Ballroom

A ballroom or ballhall is a large room inside a building, the designated purpose of which is holding large formal parties called balls. Traditionally, most balls were held in private residences; many mansions contain one or more ballrooms. In other large houses, a large room such as the main drawing room, long gallery, or hall may double as a ballroom, but a good ballroom should have the right type of flooring, such as hardwood flooring or stone flooring (usually marble). In later times the term ballroom has been used to describe nightclubs where punters dance, the Top Rank Suites in the United Kingdom for example were also often referred to as ballrooms. The phrase "having a ball" has grown to encompass many events where person(s) are having fun, not just dancing.

Ballrooms are generally quite large, and may have ceilings higher than other rooms in the same building. The large amount of space for dancing, as well as the highly formal tone of events have given rise to ballroom dancing. The largest balls are now nearly always held in public buildings, and many hotels have a ballroom. They are also designed large to help the sound of orchestras carry well throughout the whole room.

A special case is the annual Vienna Opera Ball, where, just for one night, the auditorium of the Vienna State Opera is turned into a large ballroom. On the eve of the event, the rows of seats are removed from the stalls, and a new floor, level with the stage, is built.

Sometimes ballrooms have stages in the front of the room where the host or a special guest can speak. That stage can also be used for instrumentalists and musical performers.

List of hardwood floor ballrooms

These lists should only include ballrooms with permanent wood floors. The size of the floor should only include the largest contiguous area without obstructions. The web sites and materials about some places add up multiple spaces, rooms, and balconies, and floors. However, this list ranks ballrooms based on the size of one single open space with a hardwood floor.

Currently Existing Hardwood Floor Ballrooms in the United States
Name Location Size (sq. ft.) Year Reference
Coliseum BallroomSandusky, Ohio20,000[1]1907Amusement Park site

Video

Aragon BallroomChicago, Illinois20,000[2]1926Official site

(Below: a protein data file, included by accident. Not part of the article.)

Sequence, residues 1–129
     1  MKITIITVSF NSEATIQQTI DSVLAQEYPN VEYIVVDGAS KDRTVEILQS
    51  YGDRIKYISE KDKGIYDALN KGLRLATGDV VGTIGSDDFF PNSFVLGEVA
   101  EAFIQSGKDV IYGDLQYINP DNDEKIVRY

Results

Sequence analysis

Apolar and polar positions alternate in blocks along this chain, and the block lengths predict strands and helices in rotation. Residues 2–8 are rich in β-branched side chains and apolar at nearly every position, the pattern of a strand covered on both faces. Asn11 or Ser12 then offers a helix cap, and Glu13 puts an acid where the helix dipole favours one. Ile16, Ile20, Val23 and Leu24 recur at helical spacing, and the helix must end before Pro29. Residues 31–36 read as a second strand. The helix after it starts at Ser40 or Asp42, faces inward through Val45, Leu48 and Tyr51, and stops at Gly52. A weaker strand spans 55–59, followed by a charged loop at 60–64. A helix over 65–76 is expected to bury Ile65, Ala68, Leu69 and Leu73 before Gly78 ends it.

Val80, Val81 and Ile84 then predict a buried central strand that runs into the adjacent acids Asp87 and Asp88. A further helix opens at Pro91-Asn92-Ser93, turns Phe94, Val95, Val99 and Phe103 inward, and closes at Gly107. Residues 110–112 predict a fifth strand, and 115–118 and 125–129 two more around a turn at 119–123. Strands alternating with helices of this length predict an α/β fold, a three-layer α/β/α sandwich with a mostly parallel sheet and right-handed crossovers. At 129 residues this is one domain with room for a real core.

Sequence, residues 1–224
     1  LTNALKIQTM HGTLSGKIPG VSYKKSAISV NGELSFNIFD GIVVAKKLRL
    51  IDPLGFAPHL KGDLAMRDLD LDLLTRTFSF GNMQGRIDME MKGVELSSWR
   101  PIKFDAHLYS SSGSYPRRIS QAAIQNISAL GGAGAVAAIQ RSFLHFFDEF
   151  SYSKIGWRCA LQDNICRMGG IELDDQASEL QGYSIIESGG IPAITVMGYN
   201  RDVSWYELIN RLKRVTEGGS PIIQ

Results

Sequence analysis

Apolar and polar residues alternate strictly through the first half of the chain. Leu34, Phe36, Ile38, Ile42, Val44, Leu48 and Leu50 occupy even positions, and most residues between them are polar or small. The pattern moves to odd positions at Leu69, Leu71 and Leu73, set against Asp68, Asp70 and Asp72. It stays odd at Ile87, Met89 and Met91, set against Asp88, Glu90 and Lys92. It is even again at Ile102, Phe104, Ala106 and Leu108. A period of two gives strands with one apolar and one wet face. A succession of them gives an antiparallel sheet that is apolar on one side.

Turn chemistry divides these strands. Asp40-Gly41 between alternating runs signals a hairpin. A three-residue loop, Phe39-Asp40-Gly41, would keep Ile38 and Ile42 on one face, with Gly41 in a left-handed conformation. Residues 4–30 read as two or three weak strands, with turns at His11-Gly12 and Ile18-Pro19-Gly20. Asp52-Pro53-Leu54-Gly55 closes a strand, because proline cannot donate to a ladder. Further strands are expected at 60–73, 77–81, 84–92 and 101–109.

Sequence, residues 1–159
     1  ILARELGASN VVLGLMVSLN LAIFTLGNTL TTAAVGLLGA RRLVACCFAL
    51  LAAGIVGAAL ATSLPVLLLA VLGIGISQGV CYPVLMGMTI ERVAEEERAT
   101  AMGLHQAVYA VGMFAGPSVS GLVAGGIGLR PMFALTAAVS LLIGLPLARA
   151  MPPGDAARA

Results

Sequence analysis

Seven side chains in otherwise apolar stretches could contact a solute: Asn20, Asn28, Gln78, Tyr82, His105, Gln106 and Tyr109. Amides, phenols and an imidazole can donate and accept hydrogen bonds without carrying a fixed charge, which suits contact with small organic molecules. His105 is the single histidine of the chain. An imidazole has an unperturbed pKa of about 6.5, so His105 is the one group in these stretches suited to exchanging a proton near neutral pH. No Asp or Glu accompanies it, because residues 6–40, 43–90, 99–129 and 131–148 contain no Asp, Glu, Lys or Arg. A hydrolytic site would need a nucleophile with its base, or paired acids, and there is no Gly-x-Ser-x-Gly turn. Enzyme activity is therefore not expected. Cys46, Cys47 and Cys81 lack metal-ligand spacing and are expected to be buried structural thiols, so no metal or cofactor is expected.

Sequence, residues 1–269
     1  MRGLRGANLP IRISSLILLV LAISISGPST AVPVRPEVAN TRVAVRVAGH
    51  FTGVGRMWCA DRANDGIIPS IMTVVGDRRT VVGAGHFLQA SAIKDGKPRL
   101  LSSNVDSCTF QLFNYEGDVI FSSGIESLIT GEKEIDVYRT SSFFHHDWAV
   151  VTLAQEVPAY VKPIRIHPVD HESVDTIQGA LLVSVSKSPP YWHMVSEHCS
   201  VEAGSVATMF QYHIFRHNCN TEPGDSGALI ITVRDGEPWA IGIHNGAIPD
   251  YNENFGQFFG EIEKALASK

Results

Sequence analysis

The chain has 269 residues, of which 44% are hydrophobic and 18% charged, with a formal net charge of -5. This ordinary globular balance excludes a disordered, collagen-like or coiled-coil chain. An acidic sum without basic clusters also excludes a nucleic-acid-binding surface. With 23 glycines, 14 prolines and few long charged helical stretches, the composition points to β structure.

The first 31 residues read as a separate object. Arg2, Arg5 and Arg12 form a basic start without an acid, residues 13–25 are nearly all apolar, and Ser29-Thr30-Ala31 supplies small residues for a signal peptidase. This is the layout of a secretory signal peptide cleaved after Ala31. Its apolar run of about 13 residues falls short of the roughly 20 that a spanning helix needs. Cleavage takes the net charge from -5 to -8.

Sunnybrook BallroomPottstown, Pennsylvania15,2001931Official site
PalladiumWaikiki, Hawaii11,0001990[No Site]
Cotillion BallroomWichita, Kansas11,0001960[3]Official site
Val Air BallroomDes Moines, Iowa8,750[4]1961Official site
Spanish BallroomGlen Echo, Maryland7,5001933Official site
Hollywood BallroomSilver Spring, Maryland7,200[5]????Official site
Elite HallHyrum, Utah7,000[6]1917Official site
Surf BallroomClear Lake, Iowa6,3001948Official site
Anhalt HallSpring Branch, Comal County, Texas6,300[7]1908Official site
Country Club Ballroom, Biltmore HotelCoral Gables, Florida6,200[8]1926Official site
Hammerstein BallroomManhattan, New York6,100[9]1906Official site
Vasa Park BallroomBellevue, Washington6,000????Official site
Willowbrook BallroomWillow Springs, Illinois6,0001921Official site
Vanity BallroomDetroit, Michigan5,600[10]1929No site[11]
Schroeder HallVictoria, Texas5,0001890Official site
Swiss Alp HallSwiss Alp, Texas5,0001899Official site
Electric Park BallroomWaterloo, Iowa5,103[12]1936Official site
Crystal BallroomPortland, Oregon3,600[13]1914Official site
Melody Grand BallroomPortland, Oregon3,5001925Official site
Historic BallroomTwin Falls, Idaho3,1701922Official site
Grand Palladian Ballroom at The Semple MansionMinneapolis, Minnesota3,000[14] 1880s-1890sOfficial site
Elks Tower BallroomSacramento, California2,400????Official site
Fullerton BallroomFullerton, California2,1451927Official site
Lakeside BallroomGuttenberg, Iowa????1927Official site
Oak BallroomSchuyler, Nebraska????1929Official site
Cain's BallroomTulsa, Oklahoma11,000[15]1924Official site
Diamond BallroomOklahoma City, Oklahoma????1964Official site

See also

References

  1. This rough estimate is based upon photos and not from measurements. Two unofficial pages say that the ballroom is 45,000 square feet, and that the building itself is 300 ft x 150 ft. From pictures, the dancable area without columns is currently smaller than the building although very large. It was billed as the "Largest Dancing Pavilion on the Great Lakes," in David Nasaw, Going out: the rise and fall of public amusements,(Cambridge, Massachusetts: Harvard University Press, 1999), p. 90.
  2. "Archived copy". Archived from the original on 2010-11-28. Retrieved 2010-09-08.
  3. "70x 125] [http://www.iowaballroom.com/p/act/valair.html" (PDF). valairballroom.com. External link in |title= (help)
  4. "Event Rentals at Hollywood Ballroom Dance Center, Silver Spring, MD". hollywoodballroomdc.com.
  5. The building is 70' x 122' but the dance floor sits in from the walls approximately four feet and is raised up a few inches. 62' X 116' = 7192
  6. http://www.austin360.com/news/content/recreation/guides/visit/dancehall.html
  7. Lisa Light, Destination Bride, (Georgetown, ON: North Light Books, 2005), p. 170.
  8. estimate based on architectural drawing
  9. Savage, Rebecca Binno; Greg Kowalski (2004). Art Deco in Detroit. Arcadia Publishing. pp. 98–104 Although this page says just 5,000
  10. Not open to the public
  11. 81' x 63' http://www.iowaballroom.com/p/act/ep_wloo.html
  12. The floor is definitely larger, but the size is irregular. This estimate is based on this floor plan
  13. capacity of 6,000 people Ralph G. Giordano, Country & Western Dance, Santa Barbara, CA: ABC-CLIO, 2010 p.42-3.

Further reading

  • Robert Meyer,"Millennium Maple - Glorious, Historic, Legendary, Treasured Ballroom Dance Floors", Amateur Dancers, Jan/Feb 2000, Issue#123.
  • Geronimo Trevino. Dance Halls and Last Calls: A History of Texas Country Music. Lanham, MD: Republic of Texas Press 2002. ISBN 1-55622-927-5. Copyright
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